Your use of Yahoo! Groups is subject to the Yahoo! Terms of Service.


            Your use of Yahoo! Groups is subject to the Yahoo! Terms of Service.


            Your use of Yahoo! Groups is subject to the Yahoo! Terms of Service.


            Your use of Yahoo! Groups is subject to the Yahoo! Terms of Service.
          • Steven Shepard
            Oh, I could think of something if the money was right. SBT Designs 25840 IH-10 West #1 Boerne, Texas 78006 210-698-7109 FAX: 210-698-7147 www.sbtdesigns.com
            Message 5 of 13 , Aug 18, 2003
            • 0 Attachment
              Oh, I could think of something if the money was right.
               
              SBT Designs
              25840 IH-10 West #1
              Boerne, Texas 78006
              210-698-7109
              FAX: 210-698-7147
              www.sbtdesigns.com
              ----- Original Message -----
              From: Ooi, Han
              Sent: Monday, August 18, 2003 2:10 PM
              Subject: RE: [hreg] Grid revisions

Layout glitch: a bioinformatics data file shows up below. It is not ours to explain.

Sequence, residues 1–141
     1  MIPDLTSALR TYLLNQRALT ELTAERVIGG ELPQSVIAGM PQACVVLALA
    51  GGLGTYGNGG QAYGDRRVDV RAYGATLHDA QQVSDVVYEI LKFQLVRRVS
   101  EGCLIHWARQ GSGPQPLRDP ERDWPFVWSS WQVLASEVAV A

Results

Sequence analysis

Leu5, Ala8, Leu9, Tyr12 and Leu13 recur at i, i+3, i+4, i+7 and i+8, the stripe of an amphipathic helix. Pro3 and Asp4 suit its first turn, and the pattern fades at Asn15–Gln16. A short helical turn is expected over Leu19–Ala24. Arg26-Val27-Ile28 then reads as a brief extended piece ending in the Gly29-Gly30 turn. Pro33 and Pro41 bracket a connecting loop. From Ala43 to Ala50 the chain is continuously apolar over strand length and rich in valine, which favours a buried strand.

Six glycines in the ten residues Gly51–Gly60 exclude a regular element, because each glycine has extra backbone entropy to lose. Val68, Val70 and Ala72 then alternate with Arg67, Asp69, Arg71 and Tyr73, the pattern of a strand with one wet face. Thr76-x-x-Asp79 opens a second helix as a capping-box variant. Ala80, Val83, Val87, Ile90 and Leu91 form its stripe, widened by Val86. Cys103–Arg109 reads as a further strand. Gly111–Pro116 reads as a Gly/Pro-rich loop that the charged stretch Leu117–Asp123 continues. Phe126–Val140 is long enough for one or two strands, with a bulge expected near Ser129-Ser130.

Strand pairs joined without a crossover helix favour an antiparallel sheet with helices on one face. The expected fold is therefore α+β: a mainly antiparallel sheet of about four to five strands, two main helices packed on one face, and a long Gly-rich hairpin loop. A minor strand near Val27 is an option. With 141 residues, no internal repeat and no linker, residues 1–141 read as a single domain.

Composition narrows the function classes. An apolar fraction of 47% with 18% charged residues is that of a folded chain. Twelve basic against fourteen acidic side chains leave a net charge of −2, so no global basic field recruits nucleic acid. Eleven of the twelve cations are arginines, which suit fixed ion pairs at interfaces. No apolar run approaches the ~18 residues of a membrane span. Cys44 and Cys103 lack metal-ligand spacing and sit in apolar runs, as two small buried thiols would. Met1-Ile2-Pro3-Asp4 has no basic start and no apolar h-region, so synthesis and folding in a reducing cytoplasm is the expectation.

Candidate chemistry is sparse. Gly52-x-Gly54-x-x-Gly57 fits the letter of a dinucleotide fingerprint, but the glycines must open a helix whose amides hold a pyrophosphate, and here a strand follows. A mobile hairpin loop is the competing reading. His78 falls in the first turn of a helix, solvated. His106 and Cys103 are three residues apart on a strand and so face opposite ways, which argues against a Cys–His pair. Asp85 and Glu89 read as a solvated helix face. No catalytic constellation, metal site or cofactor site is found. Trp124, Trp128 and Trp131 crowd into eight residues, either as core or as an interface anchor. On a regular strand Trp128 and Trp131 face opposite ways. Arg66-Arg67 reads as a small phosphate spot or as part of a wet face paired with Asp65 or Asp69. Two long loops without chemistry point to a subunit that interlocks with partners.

Checked out your web site.
               
              Didn't find any product that would help a New Yorker living on an old second floor, north facing apartment in a 20 story highrise surrounded by other 20 story highrises on all four sides.  Do you know of any other company who would carry a renewable distributed power product that can pump out 1kW/hour of sustain power 24/7?  Oh, and the product must not be an eyesore and violate any zoning/deed restrictions.
              -----Original Message-----
              From: Steven Shepard [mailto:sbtdesigns@...]
              Sent: Monday, August 18, 2003 1:56 PM
              To: hreg@yahoogroups.com
              Subject: Re: [hreg] Grid revisions

              Actually, I am quite certain that the folks up north who huddled in the dark of their unpowered homes smelling their food spoil in the refrigeration would be very glad to have some type back up power supply on their home.  Solar and wind power systems are an example of distributed power. 
               
              SBT Designs
              25840 IH-10 West #1